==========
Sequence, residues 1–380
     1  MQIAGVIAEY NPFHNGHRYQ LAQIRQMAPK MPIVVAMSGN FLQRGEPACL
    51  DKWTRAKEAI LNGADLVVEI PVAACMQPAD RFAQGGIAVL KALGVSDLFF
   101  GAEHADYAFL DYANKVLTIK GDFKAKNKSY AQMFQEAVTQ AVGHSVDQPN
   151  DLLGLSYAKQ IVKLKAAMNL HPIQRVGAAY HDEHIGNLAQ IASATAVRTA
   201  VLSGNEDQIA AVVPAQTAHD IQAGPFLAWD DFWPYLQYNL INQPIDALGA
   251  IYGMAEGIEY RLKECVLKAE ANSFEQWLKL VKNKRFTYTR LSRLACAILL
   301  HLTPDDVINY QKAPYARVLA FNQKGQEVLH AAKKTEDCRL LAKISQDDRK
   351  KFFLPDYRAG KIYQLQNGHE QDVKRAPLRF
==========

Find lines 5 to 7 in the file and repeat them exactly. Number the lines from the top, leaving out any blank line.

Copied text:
   151  DLLGLSYAKQ IVKLKAAMNL HPIQRVGAAY HDEHIGNLAQ IASATAVRTA
   201  VLSGNEDQIA AVVPAQTAHD IQAGPFLAWD DFWPYLQYNL INQPIDALGA
   251  IYGMAEGIEY RLKECVLKAE ANSFEQWLKL VKNKRFTYTR LSRLACAILL